Americans understand that the E-rate benefits a broad swath of the country, and that all students need a "high-quality digital skill set," Markey said.
Despite the broad support for boosting E-rate funding within the education community, Wheeler's plan seems likely to provoke a hostile reaction from some quarters of Washington.
For instance, in July, when the FCC approved an initial wave of policy changes to the E-rate, those plans were blasted by the two Republicans on commission.
One of the two GOP commissioners, Ajit Pai, predicted at the time of that decision that the FCC, which has a Democratic majority, would end up making a political calculation and waiting until after the November midterms to approve expanding the E-rate program's overall funding cap.
The changes approved over the summer by the FCC expanded federal backing for Wi-Fi technologies through the E-rate and included steps meant to reduce bureaucracy and streamline funding to schools. The panel's vote to set in motion those policies was 3-2 and broke down along partisan lines, with Wheeler and the commission's two other Democrats, Jessica Rosenworcel and Mignon Clyburn, voting in favor.
Both Republicans, Pai and Michael O'Rielly, voted against the plan, saying it would do little to make the program more efficient.
In a statement released Monday, Pai sounded similar concerns about the new increase in the funding cap, which he said amounted to a "17.2 percent tax increase."
"Instead of imposing a greater burden on families struggling to make ends meet in this lackluster economy, the commission should pursue fiscally responsible reforms," the Republican FCC official said. "These reforms would cut the bureaucratic red tape and focus resources on the children and library patrons of poor and rural America, where the need is greatest."
O'Rielly voiced his own objections, branding Wheeler's plan as a "spending spree."
"Sadly, this action comes at a time when many families are still struggling and businesses are trying to regain their footing in the economy," O'Rielly said in a statement. Despite changes in the program's structure approved earlier this year, the Republican said he saw no evidence of an effort to "target funding where it is truly needed."
While the July policy drew strong backing from the education community, many organizations also said at the time that the FCC needed to go much further, and increase the overall funding cap to keep pace with demand from schools and libraries for technology. Several of those education organizations said they wanted funding to rise from $2.4 billion annually to $5 billion.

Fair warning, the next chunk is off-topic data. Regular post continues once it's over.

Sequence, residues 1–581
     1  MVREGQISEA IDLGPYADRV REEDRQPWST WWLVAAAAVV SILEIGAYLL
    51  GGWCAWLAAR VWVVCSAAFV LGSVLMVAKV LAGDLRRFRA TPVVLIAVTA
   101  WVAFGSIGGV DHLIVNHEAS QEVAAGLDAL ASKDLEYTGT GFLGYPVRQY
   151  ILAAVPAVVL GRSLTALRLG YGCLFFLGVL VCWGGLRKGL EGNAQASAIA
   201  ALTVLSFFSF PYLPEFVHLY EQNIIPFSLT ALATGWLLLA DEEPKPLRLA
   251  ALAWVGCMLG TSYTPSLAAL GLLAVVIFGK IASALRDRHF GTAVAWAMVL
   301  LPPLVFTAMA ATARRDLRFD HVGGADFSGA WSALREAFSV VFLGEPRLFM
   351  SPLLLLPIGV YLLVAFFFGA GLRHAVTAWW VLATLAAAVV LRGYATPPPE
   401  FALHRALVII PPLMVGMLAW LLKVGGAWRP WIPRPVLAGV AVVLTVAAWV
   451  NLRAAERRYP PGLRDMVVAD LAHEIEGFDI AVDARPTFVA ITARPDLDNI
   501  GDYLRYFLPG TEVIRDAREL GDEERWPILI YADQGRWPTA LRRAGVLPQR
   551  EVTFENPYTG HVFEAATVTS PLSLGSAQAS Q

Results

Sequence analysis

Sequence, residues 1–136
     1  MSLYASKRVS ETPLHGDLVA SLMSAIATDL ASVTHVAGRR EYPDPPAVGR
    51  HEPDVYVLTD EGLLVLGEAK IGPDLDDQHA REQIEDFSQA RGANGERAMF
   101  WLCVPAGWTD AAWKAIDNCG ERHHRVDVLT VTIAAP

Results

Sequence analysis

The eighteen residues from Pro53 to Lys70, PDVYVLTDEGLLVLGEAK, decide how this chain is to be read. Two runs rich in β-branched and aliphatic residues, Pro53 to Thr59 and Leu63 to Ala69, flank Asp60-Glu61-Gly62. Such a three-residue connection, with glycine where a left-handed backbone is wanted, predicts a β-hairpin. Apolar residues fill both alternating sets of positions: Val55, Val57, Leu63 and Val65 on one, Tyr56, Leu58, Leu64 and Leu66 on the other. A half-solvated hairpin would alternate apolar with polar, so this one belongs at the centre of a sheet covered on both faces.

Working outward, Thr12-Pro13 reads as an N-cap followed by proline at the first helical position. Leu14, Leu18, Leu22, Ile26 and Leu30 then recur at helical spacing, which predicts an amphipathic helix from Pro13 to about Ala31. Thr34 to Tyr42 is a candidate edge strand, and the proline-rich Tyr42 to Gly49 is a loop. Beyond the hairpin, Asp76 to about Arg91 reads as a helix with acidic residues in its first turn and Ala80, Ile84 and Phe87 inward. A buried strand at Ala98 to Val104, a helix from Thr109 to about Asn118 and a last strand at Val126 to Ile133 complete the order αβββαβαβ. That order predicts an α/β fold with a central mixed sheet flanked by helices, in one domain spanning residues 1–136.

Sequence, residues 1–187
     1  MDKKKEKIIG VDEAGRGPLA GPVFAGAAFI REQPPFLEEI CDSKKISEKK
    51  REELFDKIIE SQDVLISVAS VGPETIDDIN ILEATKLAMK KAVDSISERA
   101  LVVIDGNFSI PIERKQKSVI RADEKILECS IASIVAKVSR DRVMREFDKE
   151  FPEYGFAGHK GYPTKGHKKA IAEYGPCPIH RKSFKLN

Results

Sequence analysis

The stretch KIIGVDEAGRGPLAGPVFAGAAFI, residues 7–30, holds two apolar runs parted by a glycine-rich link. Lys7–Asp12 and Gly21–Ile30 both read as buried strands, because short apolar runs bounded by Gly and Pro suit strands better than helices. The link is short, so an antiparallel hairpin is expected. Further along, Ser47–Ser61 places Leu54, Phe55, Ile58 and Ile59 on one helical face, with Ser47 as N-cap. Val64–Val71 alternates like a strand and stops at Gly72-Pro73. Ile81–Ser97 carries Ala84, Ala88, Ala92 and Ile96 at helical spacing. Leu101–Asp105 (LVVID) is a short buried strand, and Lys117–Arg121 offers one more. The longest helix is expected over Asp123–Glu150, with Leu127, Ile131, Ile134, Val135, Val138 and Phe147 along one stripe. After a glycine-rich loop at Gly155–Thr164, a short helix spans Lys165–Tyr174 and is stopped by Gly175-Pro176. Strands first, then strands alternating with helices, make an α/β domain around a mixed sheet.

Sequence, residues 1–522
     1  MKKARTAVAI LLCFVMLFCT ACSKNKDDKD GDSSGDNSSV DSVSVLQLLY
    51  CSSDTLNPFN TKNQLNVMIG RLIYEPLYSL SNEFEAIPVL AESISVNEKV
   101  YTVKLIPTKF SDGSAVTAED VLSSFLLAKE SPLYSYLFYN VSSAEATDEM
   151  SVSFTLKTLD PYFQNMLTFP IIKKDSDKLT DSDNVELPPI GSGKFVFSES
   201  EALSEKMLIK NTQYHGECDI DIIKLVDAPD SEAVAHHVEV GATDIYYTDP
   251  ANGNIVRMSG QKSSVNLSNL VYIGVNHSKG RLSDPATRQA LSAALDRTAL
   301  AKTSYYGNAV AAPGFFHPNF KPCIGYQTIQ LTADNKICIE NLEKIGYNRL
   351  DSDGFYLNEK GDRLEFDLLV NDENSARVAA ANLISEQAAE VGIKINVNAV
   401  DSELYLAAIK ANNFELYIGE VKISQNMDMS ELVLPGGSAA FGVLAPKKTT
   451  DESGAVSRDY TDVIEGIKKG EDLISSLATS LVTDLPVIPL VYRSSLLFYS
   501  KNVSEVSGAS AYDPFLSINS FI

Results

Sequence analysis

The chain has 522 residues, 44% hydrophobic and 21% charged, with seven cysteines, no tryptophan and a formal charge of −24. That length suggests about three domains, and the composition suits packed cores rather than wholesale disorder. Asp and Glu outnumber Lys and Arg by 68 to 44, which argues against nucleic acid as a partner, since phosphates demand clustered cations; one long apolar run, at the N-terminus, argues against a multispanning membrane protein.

The new plan would not go that far. But Wheeler's promise to expand the program's overall funding drew a positive response from several education organizations.
The FCC plan "will go a long way to help level the digital playing field for our country's students and ensuring equity," said Lily Eskelsen Garcia, president of the 3 million member National Education Association, the nation's largest teachers' union, in a statement.
She noted that the E-rate's current funding cap has been in place for almost two decades. "We know how much the world—and technology in particular—has changed since."
Douglas Levin, the executive director of the State Educational Technology Directors Association, said his organization and its members have been concerned about the the vast disparities in what some schools pay telecommunications providers for services, and the overall struggles of rural communities to get reliable connectivity.
The new funding provided by the FCC, when combined with the earlier plan approved this past summer, should help on those fronts, he said.
"Where I'm focused is what that additional money's going to do and what it would be directed toward," Levin said in an interview. "My understanding is that, at least a portion of that, will close the rural broadband gap."
Wheeler's plan also drew the approval of a coalition of organizations representing schools and other interests, including the American Libraries Association; AASA, the School Superintendents Association; the National Catholic Educational Association, and the Council of the Great City Schools.
Access, growth, and equity within the E‐Rate program are not sustainable without significant additional funding to support the program's current and future goals," the organizations said.
The E-rate proposal comes as the FCC also is reviewing other changes, to open Internet rules, that some believe could have an impact on schools' use of online resources.